"Being present can save lives" by Marya Jauregui (CatholicMom.com) Copyright Dino Carbetta 2017. All rights reserved. Used with permission.

During this deployment time I found a resource for military families that provides just that. It's called Be There Peer Support and they are available 24/7 to talk to military, and their families. The call center is staffed with veteran soldiers, sailors, airmen, marines, service member and veteran family members, and licensed clinicians with specific training in DoD culture. Within their site is a phrase "There is no stigma attached. No concern is too small. We are here for you." They have been a Godsend to me personally because I usually process things by talking things out with someone. When I can't sleep I have had conversations with them from 12 until 2 AM. They listen and validate my concerns. Sometimes they offer advice or suggestions. They empathize with the specific circumstances of deployment and the challenges of military life. I always feel like they are listening. I always feel the empathy. They make sure that they reiterate that they are glad that you called them, and that they are there to receive your call 24/7.
This week I got an email from my fiancé that said he was chosen to stay behind in Japan after the deployment had ended. I was absolutely crushed. I am still trying to sort out all the feelings that include anger and sadness that my beloved will not return with the rest of his squadron. Be There Peer Support has been there to support me. Sometimes half the battle is just having a place to vent. Once you get it out of your system you can go back to figuring out how to manage the situation. However, news like this will continue to have an impact on our lives for several months to come. There will be good days, and bad days, and I know that I have that peer support to lean on no matter when that is. It is somewhat surprising to me that an organization like this exists courtesy of the Department of Defense.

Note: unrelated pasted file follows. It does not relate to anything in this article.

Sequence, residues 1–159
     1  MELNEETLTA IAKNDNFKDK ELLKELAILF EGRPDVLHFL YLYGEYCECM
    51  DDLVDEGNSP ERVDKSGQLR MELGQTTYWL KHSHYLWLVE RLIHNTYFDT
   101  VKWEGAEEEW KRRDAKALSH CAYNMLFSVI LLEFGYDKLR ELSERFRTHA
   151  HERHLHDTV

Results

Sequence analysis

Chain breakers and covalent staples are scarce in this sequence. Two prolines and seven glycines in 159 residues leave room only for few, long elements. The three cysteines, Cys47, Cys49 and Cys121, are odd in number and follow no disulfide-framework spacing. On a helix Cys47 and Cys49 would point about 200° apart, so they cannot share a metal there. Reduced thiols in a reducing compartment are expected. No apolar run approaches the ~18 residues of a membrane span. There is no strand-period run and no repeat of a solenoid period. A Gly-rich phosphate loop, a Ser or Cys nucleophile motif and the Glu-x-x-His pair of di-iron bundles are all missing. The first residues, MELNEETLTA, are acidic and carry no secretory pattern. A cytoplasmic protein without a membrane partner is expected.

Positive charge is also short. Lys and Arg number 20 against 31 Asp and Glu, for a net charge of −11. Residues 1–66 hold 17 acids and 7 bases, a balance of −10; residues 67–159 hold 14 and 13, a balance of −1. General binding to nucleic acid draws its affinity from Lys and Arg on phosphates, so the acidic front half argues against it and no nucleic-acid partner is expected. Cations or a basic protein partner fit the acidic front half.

Wouldn't it be great if every person knew there was someone that cared, and someone they could call on at any hour to talk with them? Hotlines exist for suicide and other crises, which is definitely a step in the right direction. So I challenge you to be open to being that person for someone, where there is  'No Stigma, and No Concern is too small.'  
Be There!  
Copyright 2017 Marya Jauregui
Photos courtesy of Dino Carbetta and available for purchase here: